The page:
Philadelphia Daily News - September 24, 1980

Phils Fall from First


By Bill Conlin


ST. LOUIS – Full moon and empty bases.


On a night when Mother Nature put an enormous harvest moon above the left-field stands, the Phillies bang a lot of moon-shaped numbers on the scoreboard. The Pirates did the same and the Expos slithered back into first place by half a game.


OK, rookie lefthander Al Olmsted, who hypnotized the Phillies on their last homestand, mesmerized them once again until Mike Schmidt ripped his 43d homer in the ninth inning of a game the Cardinals put away with two eighth-inning runs off Ron Reed. Schmidt's mates mounted a sincere rally, but it fell short when John Littlefleld got the final out after Del Unser narrowly missed grand slam.


THE PHILS were on no-hitter alert until Bake McBride led off the fourth with-a single to right. It didn’t even qualify as a rally, though. Schmidt and Greg Luzinski lofted flyballs to George Hendrick in center and the Slugging Sphinx made a pretty shoestring grab on Manny Trillo.


Despite the rude early pounding the Cardinal mashers applied to Bob Walk in the 6-3 loss, despite another brief visit to first place, the seven-game trip was a smashing success. After a 3-2 loss in Pittsburgh last Tuesday night the Phils trailed Montreal by 2 games. Despite a 4-3 trip record, the Phillies picked up two full games on the Expos.


Now, they have a chance to be the architects of their own fate, a nine-game homestand featuring three with Montreal this weekend, a great chance to put up or shut up.


It would help the cause immeasurably if the slumbering bat of Greg Luzinski awoke at the Vet The Bull labored through a 4-for-27 trip, getting only three extra base hits, one of them a double during last night's exciting but futile rally. Paradoxically, Luzinski has been playing the best defense of his career since returning from knee surgery.


HE'S A FINE outfielder right now," Dallas Green says, "He's been a fine outfielder for us all year. He's been getting an outstanding jump on the ball."


Paul Owens is one of many baseball people puzzled over Luzinski's slump. Greg's current average is a sickly .233, the lowest of his career at this late stage.


On the last home stand. The Pope found himself studying videotape cassettes of Luzinski filmed during his big seasons and comparing them with what he's doing now.


"He's just been too good a hitter, a consistent hitter, over the years for there not to be something wrong," the Phillies' player personnel director said last night "I noticed that in the tapes from his good years he was cocking his stride leg just before he stepped into the ball. It was letting him get a lot of hip action. This year he's just taking a step without that little leg cock. I don't think he generates the same bat speed without it."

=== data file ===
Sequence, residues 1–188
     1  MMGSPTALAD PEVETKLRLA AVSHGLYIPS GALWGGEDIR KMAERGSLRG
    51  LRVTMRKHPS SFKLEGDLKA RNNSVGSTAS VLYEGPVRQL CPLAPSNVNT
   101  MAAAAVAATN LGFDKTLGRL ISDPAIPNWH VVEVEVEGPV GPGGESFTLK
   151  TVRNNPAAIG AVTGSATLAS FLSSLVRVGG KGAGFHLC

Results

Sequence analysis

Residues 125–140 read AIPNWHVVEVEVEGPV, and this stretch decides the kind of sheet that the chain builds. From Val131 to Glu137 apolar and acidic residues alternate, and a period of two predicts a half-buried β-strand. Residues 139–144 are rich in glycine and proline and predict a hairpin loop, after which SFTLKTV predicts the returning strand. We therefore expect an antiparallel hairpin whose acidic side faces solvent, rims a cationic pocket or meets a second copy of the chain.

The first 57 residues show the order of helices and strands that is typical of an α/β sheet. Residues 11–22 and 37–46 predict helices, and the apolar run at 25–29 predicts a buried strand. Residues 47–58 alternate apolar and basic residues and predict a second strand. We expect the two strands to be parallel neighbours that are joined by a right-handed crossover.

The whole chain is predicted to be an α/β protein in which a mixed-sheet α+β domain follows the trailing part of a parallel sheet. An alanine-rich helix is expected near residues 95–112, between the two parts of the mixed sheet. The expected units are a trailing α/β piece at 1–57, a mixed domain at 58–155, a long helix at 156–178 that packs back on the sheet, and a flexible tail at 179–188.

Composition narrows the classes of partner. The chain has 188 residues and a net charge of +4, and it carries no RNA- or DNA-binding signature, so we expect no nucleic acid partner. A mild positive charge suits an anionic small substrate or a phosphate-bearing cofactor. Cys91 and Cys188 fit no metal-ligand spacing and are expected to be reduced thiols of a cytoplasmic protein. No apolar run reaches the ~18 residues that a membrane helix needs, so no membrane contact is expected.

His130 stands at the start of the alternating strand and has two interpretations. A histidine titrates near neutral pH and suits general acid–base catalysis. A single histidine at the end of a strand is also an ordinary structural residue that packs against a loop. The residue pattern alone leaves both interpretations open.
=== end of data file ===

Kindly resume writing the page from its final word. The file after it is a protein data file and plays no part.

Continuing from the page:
THE BULL IS trying to get the old stroke back, but the third week in September can be a tough laboratory for a slumping slugger. Luzinski hit the ball hard three times last night, however.


Meanwhile, August sensation Lonnie Smith has batted just once in the last seven games, and hasn't even been called on to pinch-run. When Luzinski came off the disabled list. Green said he'd play his four starting outfielders by ear, by who was pitching and who had the hot bat. You don't need to be Sherlock Holmes to discover that Smith has become the odd-man out, a .336 hitter with 65 runs scored and 30 stolen bases in just 94 games.


Bob Walk pitched consistently from behind in the count and was lucky to survive a bases-loaded jam in the first. His luck ran out in the second, though. When Ken Oberkfell, Garry Templeton and Keith Hernandez stroked consecutive two-out singles good for two runs and he wild-pitched a third run home. Green brought in Kevin Saucier with a 2-2 count on Ted Simmons. Simmons flied out but the damage was done.


Olmsted, working with just two days rest, blanked the Phils until Mike Schmidt doubled in the seventh and scored on a one-out single by Manny Trillo. The Cardinals, meanwhile, pecked out an insurance run in the sixth when batting leader Garry Templeton lashed his third straight single, stole second and scored on a Simmons flare to shallow right with the infield up.


OLMSTED ADDED insult to the injury he did to the Phillies by driving in a run with his first big-league hit in the eighth. It was 6-1 and a brush fire out of control when Oberkfell followed with an RBI single in a four-hit inning thrown by Ron Reed. The two runs off Reed turned out to be big ones after Schmidt's homer and a bases-loaded RBI single with one out by Garry Maddox. But Tito Landrum rap down Del Unser's long drive on the warning track in right-center and pinch-hitter Greg Gross lofted a game-ending fly to shallow center.


Despite a sincere attempt by the armed forces of Iraq and Iran, the world did not end yesterday. The Phillies will have to win the Eastern Division race by more traditional methods.


PHILUPS: Larry Christenson will make his first start tonight since Sept. 6, when he was shelved with a groin injury. The hard-luck righthander will oppose Mets rookie Ed Lynch, a righthander who was 13-6 at Tidewater... It was Al Olmsted's first big league victory after an impressive no-decision in Philadelphia... Montreal pitchers for the big weekend series: David Palmer, Scott Sanderson and Steve Rogers.

3 Winners


There were three winners in the Daily News Home Run Payoff last night.


In the fifth inning of the Phillies-Cardinals game, Norman Shelton of Philadelphia, Peggy Wade of Harrisburg and Nathaniel Brewer of Annville, each won four tickets to a Phillies game next year.


So far the Daily News has paid out $19,145. Today's entry coupon appears on Page 63.